08.24.22: As Fed officials convene in Jackson Hole, Wyoming this week, investors fret that Jay Powell & Company could pull the rug out from under the markets’ incipient optimism. Since bottoming on June 16, US equities, led by the NASDAQ 100, rallied more than 22 per cent before retreating 6 per cent over the last five trading sessions. The summer surge added $7 trillion to US equity market values. The added wealth effect, however, runs counter to the Fed’s desire to quell a price spiral with diminished demand.
Market participants, as gauged through the lens of the TIPs market, don’t expect inflation to fall below 2.5 per cent until 2028. In the meantime, they expect American consumers to cut spending as employers cut staff: the national unemployment rate is expected to climb past 4 per cent and real GDP growth to remain mired between 1 and 1.5 per cent.
Fed Funds futures show traders expect the overnight rate to peak at 3.7 per cent in May 2023 although, as Bloomberg points out, even Fed doves like Minneapolis Fed President Neel Kashkari suggest the benchmark rate probably needs to approach 4.5 per cent by the end of next year. As recently as last month, traders penciled in peak overnight rates of 3.4 per cent in January 2023. Even though it’s recently taken a decidedly hawkish tilt, bond traders’ optimism isn’t necessarily off base. That’s because it was largely fueled by Chairman Powell’s enthusiasm that inflation would roll over in response to modestly tighter financial conditions, and that an economic recession is not a forgone conclusion. July’s inflation reading played into that narrative. Those of us paying attention to this week’s Jackson Hole meetings worry that the Chairman’s message could darken.
The US dollar is one of the best real-time barometers of the Fed’s intentions relative to the central banks of our trading partners. The tighter future Fed policies appear to be relative to those of their developed market counterparts, the stronger the dollar will be relative to their respective currencies. The US dollar has rallied nearly 14 per cent this year, to its highest level of 2022 and to its strongest year-to-date showing in over 20 years, suggesting a tighter Fed.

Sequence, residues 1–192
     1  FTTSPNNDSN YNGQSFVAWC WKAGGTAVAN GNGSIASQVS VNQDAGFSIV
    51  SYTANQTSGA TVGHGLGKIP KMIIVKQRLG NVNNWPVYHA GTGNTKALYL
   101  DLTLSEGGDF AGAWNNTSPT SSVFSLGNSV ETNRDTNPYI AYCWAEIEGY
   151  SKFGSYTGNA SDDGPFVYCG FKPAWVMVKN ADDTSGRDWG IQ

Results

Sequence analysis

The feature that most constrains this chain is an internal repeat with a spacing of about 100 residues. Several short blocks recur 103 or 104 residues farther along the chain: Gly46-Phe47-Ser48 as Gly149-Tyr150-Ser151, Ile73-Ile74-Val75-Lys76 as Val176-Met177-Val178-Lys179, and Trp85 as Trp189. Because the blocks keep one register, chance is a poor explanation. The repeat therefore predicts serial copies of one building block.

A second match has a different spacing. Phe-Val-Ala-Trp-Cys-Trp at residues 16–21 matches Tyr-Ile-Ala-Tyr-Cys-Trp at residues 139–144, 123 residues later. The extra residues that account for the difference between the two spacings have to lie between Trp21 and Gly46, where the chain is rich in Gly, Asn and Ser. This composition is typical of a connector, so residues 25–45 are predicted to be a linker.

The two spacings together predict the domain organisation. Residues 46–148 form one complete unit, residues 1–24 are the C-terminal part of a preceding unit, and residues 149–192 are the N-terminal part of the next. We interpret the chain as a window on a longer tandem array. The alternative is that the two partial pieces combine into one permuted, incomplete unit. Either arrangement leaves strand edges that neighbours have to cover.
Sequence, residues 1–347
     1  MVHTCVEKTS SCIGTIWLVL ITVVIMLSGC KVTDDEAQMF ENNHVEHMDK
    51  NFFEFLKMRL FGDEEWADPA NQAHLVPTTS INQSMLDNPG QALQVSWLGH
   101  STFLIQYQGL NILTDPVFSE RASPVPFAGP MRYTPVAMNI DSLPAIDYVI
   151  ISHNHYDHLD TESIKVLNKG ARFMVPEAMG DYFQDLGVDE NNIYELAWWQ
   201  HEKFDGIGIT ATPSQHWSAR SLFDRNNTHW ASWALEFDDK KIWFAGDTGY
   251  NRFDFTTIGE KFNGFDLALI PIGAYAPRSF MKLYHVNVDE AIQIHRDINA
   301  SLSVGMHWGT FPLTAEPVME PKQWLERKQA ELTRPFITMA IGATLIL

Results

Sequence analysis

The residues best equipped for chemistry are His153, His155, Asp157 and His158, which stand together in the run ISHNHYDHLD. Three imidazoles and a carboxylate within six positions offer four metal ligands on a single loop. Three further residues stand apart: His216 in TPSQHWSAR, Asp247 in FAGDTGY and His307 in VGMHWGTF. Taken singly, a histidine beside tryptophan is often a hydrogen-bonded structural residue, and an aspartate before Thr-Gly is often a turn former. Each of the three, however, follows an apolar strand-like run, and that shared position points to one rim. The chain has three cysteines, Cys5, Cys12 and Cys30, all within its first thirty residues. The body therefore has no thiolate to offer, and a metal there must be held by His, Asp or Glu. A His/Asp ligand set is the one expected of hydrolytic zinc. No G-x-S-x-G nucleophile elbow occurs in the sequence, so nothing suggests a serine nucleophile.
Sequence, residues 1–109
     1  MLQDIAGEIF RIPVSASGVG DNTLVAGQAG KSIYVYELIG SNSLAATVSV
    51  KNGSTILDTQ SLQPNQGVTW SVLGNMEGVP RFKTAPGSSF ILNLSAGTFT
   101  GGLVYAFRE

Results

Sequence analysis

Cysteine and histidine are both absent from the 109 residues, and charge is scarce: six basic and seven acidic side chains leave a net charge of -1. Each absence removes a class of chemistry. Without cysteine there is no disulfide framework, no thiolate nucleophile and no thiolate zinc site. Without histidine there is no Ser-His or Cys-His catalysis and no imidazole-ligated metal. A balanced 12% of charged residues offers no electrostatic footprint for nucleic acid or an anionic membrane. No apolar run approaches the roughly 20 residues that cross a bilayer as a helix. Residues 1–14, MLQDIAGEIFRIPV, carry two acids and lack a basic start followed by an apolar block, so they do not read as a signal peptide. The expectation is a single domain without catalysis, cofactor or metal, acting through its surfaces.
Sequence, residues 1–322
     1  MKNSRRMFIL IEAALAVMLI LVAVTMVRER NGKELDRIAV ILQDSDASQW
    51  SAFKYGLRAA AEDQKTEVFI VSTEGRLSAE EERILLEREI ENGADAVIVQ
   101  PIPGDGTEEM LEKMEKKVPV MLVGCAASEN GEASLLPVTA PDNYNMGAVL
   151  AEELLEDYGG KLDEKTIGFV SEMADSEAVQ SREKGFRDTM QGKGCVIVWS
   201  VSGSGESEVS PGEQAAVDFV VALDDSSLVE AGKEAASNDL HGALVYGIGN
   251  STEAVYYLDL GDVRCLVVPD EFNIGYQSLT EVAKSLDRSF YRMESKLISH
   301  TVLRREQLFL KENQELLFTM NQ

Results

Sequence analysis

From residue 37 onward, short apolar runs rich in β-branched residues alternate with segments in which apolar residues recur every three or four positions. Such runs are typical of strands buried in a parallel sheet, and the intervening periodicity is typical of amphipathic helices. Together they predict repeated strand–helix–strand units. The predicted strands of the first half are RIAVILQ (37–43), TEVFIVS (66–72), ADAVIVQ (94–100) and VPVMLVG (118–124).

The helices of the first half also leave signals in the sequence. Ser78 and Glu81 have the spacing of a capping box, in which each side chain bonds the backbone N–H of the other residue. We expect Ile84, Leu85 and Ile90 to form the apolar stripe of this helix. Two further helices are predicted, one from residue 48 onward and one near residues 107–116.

Meanwhile, the Euro has fallen through parity with the dollar to its lowest level in 20 years, off about 12 per cent for the year. Even though the ECB tightened a half-percent at its July meeting, its benchmark deposit rate current sits at 0.5 per cent, a far cry from the Fed’s 2.5 per cent target rate. The 2 per cent differential between the ECB and Fed rates explains most of today’s Euro weakness. Europe not only faces 8.9 per cent inflation year over year, but the ECB must grapple with weakening growth.
We continue to anticipate dollar strength in the near term as investors digest further Fed action in its ongoing inflation battle. Only when investors sense a peak in the Fed’s overnight rate will the dollar roll over, a phenomenon we expect later this year. When that happens, we expect non-dollar equity markets to lead global stocks higher.